Villa E-1027, created by early 20thcentury Irish designer Eileen Gray at Roquebrune-Cap-Martin in the Alpes Maritimes, was in a severely decayed condition when it was bought by the Conservatoire du littoral, the government body which protects outstanding parts of the French coast, in 1999.
After preliminary restoration work from 2004 to 2012, charitable body Cap Moderne was set up in 2014 to coordinate the restoration. Its president is Michael Likierman, who was the founding CEO of the French arm of Habitat furniture store.
Gray was one of Habitat founder Terence Conran’s favourite designers. Mr Likierman said: “We wanted to make it possible for anyone going into the house to understand the magic and genius of Eileen Gray.
“She was a great designer. She had an eye for the form of the modernist movement, even though that was not where her reputation had originally been made.
“Her Dragon Chair, sold for €22million at Christies in 2009, a world record price for 20th-century furniture, does not look modern and was made in 1919.
“But 10 years on, she had taken on the modernist movement and applied it both to the house as a structure and also to everything inside it.
“She designed this house for the people in it, starting from the inside and moving out, rather than starting from the box of her design and putting them in.”
Gray was born in Co Wexford, Ireland, in 1878. She studied at the Slade School of Fine Arts in London before moving to Paris, where she opened boutiques for her furniture as her reputation grew.
In 1926, she bought land at Roquebrune- Cap-Martin to create a house for her partner, architect Jean Badovici. It is likely he helped her, particularly with the technical aspects, but hers was the major input.
The building’s unusual name was a simple code of their names: E is for Eileen, 10 is for the letter J for Jean, 2 for the B of Badovici, and 7 for the G of Gray.
The building – a holiday house by the sea – is L-shaped on two floors with a flat roof. Everything, down to the electric cables held in place with tiny ceramic plaques, was designed by Gray.
It took her three years to draw and design the furniture. “Everything is in the detail,” said Mr Likierman. “The exploration of what people need was incredible. She has a little shelf next to the basin in the bathroom saying pour les dents.”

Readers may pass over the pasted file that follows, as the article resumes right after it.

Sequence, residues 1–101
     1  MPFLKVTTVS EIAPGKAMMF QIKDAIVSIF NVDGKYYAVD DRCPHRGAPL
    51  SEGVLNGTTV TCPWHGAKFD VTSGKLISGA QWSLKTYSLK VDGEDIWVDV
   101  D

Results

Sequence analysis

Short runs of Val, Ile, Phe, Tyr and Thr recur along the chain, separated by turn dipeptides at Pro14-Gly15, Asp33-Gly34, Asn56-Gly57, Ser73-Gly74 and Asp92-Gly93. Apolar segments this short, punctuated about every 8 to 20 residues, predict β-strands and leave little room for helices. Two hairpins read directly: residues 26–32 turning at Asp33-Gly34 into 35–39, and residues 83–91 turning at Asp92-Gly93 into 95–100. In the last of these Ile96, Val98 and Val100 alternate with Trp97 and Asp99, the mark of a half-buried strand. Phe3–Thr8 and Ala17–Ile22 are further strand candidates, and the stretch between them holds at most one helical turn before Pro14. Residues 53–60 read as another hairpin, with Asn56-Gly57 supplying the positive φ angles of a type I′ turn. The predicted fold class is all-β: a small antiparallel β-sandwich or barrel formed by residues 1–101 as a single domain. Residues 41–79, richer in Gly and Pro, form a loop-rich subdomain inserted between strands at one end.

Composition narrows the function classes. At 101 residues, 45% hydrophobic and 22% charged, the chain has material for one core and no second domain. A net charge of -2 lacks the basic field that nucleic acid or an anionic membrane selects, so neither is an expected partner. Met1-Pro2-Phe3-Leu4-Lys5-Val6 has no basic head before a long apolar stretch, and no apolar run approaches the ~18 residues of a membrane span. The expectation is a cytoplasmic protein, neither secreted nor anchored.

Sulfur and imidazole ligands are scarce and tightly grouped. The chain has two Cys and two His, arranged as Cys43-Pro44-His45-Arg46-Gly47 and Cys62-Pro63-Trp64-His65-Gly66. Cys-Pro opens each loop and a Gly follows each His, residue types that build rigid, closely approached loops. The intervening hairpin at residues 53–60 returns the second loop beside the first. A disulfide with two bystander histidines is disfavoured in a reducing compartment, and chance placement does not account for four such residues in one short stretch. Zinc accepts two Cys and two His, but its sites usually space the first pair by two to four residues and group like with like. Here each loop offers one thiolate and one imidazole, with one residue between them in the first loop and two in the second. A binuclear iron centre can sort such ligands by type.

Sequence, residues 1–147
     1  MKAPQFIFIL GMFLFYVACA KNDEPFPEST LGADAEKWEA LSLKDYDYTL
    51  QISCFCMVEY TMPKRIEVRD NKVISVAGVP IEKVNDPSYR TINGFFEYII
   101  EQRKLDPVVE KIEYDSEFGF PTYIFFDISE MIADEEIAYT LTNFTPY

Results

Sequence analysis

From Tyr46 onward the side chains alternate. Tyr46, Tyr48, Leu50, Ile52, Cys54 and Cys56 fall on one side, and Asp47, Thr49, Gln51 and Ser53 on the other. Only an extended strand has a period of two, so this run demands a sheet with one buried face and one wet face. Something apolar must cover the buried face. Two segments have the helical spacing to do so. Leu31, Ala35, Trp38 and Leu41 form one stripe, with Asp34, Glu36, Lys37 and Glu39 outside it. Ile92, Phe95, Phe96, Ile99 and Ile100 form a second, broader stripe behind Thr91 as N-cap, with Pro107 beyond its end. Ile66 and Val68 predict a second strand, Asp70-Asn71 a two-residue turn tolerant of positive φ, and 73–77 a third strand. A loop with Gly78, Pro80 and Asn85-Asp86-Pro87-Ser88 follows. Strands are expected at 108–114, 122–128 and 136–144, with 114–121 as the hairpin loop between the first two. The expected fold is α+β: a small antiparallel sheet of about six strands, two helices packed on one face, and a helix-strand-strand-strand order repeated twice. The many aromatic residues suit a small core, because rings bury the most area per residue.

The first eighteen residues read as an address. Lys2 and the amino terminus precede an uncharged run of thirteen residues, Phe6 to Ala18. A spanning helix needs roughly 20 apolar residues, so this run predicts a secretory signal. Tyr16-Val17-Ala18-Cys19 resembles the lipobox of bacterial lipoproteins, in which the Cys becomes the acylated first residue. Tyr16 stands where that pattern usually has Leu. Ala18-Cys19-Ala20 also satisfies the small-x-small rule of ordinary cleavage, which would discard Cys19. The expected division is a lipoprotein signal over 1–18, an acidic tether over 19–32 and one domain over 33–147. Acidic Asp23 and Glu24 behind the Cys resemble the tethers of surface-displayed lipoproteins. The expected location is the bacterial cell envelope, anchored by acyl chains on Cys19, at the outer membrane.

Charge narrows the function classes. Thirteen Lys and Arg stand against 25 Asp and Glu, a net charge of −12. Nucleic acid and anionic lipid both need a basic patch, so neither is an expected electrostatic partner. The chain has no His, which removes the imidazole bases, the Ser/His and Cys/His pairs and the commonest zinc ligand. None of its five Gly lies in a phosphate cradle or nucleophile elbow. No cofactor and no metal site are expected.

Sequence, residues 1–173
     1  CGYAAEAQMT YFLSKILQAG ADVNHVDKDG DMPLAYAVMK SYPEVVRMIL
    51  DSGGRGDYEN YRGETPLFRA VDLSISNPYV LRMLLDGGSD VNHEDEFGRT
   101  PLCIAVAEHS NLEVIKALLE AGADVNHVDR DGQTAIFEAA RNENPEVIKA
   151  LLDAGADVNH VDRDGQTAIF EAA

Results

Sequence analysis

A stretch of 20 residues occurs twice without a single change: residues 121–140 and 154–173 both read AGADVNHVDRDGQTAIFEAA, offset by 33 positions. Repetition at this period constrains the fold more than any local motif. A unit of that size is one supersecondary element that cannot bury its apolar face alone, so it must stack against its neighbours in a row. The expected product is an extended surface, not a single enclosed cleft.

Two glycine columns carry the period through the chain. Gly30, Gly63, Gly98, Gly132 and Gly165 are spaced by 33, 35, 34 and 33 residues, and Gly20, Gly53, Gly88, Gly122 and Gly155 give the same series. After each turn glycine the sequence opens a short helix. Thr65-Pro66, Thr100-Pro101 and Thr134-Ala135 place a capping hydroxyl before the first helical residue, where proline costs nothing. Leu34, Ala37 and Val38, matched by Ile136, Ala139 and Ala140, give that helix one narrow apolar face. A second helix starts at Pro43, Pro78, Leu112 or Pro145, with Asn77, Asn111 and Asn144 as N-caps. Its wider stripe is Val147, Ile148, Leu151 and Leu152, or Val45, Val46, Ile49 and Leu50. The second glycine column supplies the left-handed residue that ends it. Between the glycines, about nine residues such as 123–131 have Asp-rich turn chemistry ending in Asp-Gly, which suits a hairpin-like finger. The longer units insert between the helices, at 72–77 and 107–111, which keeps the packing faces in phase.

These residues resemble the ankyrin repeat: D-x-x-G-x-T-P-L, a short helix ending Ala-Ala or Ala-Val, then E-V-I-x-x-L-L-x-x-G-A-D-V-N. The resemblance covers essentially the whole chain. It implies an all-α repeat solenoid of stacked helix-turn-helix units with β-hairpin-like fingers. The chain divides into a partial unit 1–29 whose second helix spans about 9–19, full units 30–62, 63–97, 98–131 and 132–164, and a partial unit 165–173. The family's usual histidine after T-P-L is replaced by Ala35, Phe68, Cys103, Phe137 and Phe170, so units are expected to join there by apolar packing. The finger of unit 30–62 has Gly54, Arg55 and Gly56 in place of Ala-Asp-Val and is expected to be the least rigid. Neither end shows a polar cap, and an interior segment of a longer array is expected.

Her furniture is functional and ingenious. There is a table lamp on a folding metal arm, pivoting drawers, and a clever circular chrome bedside table whose height can be adjusted by a steel chain.
All the furniture has been reconstructed from Gray’s drawings and from photographs, and made by specialist craftsmen from three countries. Some of the materials and methods she used no longer exist today, so researching them was crucial for an authentic restoration.
“Today’s tubular steel furniture is mostly chrome-plated,” said Mr Likierman. “It was first used in 1929, just as she was finishing the house, so the original ones in the house were nickel-plated.
“Chrome has a blue steel look to it, while nickel is yellowish. This changes the way the furniture looks, so all the recreated furniture in the house is nickel-plated.
“That kind of detail was very important: nobody makes curtain fabrics as they were made in the 1920s, so we turned to the University of Vienna, which has a specialist textile department which can reproduce 1920s curtain material. And it really does look very special.”
Each piece required teamwork.
The writing table was a particular challenge, as it has not survived and there is just one existing photo, where it is visible in the background. The design team studied the photo at the National Museum in Dublin, and the nickel-plated steel was imported from Vienna and shaped by craftsman Marcel Mansui from the Var.
He also created the mechanical lifting device.
Plating was completed in the Alpes- Maritimes, and the wooden desktop is by Alain Furgeri from Menton.
Gray and Badovici split up in 1932. She left, as she had given him the house.
Le Corbusier was a frequent visitor and he painted murals on the walls – according to Gray’s biographers, she did not think much of them
Those considered most in tune with the style of the house have been left on show.
The house was at first well looked after but the last private owner sold the furniture at a famous auction in Monaco in 1992, which is where most of the modern collections come from at the National Museum of Ireland, the Pompidou Centre, the V&A, and the MoMA in New York.
After his death, the house was left open to the elements and squatters.
By the late 1990s, it was in a bad state. It was saved when the Conservatoire du Littoral bought it.
You can visit E-1027 by appointment, as numbers are restricted due to the size of the house.
Another exhibition about E-1027 is taking place at the Basque Institute of Architecture in San Sebastián, Spain, until October 10 (eai.eus).
There is a reproduction of the master bedroom, as well as other pieces of furniture. and there are films and information about Gray and her work.